Many species have highly complex social interaction,s and it happens not just within species, but it can also happen between species, and this is some really nice work looking at Groupers interacting with Moray eels and soliciting joint foraging trips out into the coral reef and the Grouper goes across the surface of the coral reef and the eel moves between the spaces of the coral reef, and between the two of them there's really no place for the prey to hide.
CURWOOD: [CHUCKLES] I imagine the eel can go down into the little crevice and then spook whatever's hiding in there, and then [MAKES THE SOUND OF QUICKLY SLURPING UP FOOD.] the Grouper has it.
BROWN: Right, and the same thing happens is the Grouper is cruising along the top, all the fish duck down into the coral to hide and, well, straight into the path of the of the eels. So, when they work together, synergistically the outcomes for both of them is much higher than if they're just working by themselves.
CURWOOD: So, how do they do high five? One fin to a...
BROWN:[LAUGHS] Possibly. They certainly do some weird body shakes and various things to communicate to each other.
CURWOOD: So, talk to me about some examples, some more examples of what's going on that meets the eye when it comes to some species of fish.
BROWN: Yeah, so, I mean we just talked about social intelligence, and just like you and I, if a fish gets a choice between an unknown fish on one side and perhaps a group of known fish on the other, they will nearly always choose to hang out with the fish that is familiar with them. So, just like if we go to a party, we don't usually hang out with a bunch of strangers, when we tend to gravitate towards the people we know and interact with them. And fish will do the same thing. They can recognize themselves and other individuals.
And one of the species we work in is an Intertidal Gobi, and it's found in the same rock pool week after week after week. And if you pick them up and move them 50 or 100 meters down the rock platform, they come back the next day. So, they have really amazing homing capabilities, and the shark species that we work on migrate, you know, 1,500 kilometers or more and come back to exactly the same reef every year, year after year after year.
Of course, there are lots of other components of cognition that we study, and you know I've recently written a review on tool use in fishes which again was one of those things that we used to think was unique to people, but the more we learn about it, the more we find that there are fishy examples.
CURWOOD: Wait a second. You're talking about fish using tools? What kinds of tools do fish use?
BROWN: [LAUGHS] Yeah, so, one of the problems with the definition of tool use, of course, is this was actually originally coined to explain tool use in primates. Of course, primates are very similar to humans. And primates and humans tend to use their hands to manipulate tools. Of course, fish don't have hands, but what they do have are the aspects of the environment that they can use. They're very well known for manipulating water, for example, so Archerfish can basically generate a water pistol that they sit at the surface of the water, and they shoot insects above the surface of the water, and the insects fall to the surface of the water and they grab them as they fall down, and their marksman skills are second to none. It's just incredible, and that's not something they do automatically. It's something they have to learn as they grow and develop so their skills improve.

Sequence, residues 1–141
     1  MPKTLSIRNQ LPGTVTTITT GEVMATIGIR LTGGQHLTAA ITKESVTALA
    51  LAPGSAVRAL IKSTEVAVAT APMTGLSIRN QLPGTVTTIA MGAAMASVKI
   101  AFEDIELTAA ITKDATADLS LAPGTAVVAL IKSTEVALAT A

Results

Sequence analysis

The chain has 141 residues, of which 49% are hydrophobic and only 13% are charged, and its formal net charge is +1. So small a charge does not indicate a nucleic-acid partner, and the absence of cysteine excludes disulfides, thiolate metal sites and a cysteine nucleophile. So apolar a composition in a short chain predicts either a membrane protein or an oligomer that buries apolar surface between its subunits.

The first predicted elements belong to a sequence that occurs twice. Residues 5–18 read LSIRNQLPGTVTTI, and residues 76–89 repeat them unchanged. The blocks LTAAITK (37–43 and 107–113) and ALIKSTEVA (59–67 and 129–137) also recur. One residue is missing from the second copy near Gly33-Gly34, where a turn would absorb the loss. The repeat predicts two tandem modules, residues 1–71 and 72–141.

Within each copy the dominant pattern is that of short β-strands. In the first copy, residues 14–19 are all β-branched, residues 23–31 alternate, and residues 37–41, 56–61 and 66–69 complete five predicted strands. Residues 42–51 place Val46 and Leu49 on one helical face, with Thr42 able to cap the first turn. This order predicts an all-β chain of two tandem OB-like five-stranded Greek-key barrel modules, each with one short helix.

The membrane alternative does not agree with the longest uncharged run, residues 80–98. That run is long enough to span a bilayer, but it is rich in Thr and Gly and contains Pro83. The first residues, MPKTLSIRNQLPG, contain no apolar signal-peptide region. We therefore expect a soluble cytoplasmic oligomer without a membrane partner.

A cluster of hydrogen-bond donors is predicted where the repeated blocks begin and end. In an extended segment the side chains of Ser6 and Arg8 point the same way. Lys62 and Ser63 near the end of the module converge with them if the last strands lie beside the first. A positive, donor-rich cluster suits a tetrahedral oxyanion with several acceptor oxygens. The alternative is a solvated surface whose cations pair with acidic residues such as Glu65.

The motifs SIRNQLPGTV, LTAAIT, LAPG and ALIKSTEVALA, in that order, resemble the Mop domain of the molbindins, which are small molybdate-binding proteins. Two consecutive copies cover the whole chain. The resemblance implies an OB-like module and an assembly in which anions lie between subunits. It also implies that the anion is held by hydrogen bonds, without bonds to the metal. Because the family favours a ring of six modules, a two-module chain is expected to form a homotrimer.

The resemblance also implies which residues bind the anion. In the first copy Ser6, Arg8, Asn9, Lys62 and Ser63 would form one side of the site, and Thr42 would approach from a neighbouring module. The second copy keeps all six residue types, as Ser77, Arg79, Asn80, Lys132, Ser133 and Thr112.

CURWOOD: OK, Culum, how should we be treating fish to provide for their mental health needs?
BROWN: You know, for a long time in many zoos around the world, the old school zoo was basically a concrete pen in which the animal was placed, and it soon became apparent that the animals started doing unusual behaviors. They certainly weren't behaving normally. They would do things like, you know, pace around the enclosure, rock back and forth and all those sorts of things. And it soon became apparent that that was a response to a lack of environmental enrichment. There was nothing for them to respond to or react to or, and so their behavior becomes abnormal in captivity.
And so zoos, particularly in the last 10 to 15 years, really started to concentrate on making the enclosures more like the real world. They planned it out. They start introducing little caches of food around the place so the animal actually has to forage and find food and things like that, and that sort of enrichment has a really big impact on the behavior of the animal in captivity. And it's really only maybe the last 10 years I suppose that we started thinking about exactly the same approach but in fishes, that if you increase the complexity of the environment that these animals are living in, there are all sorts of benefits in terms of regenerating natural behaviors.
And in fact, not only is their behavior returning to normal and becoming more sophisticated, their brain is remodeled as well. Their brain has more connections, it tends to get bigger, and so that's the sort of thing we like to see. It's great from an animal welfare perspective, but it also has really positive conservation biology outcomes because many fish around the world are reared in captivity and then released into the wild to try and bolster natural populations, and of course if you don't have that kind of enrichment when they're reared then their behavior when they're released is completely wrong, and they die really quickly.
CURWOOD: So, somebody listening to us who has an aquarium at home and cares a lot about the fish. What can they do to make the fish feel happier?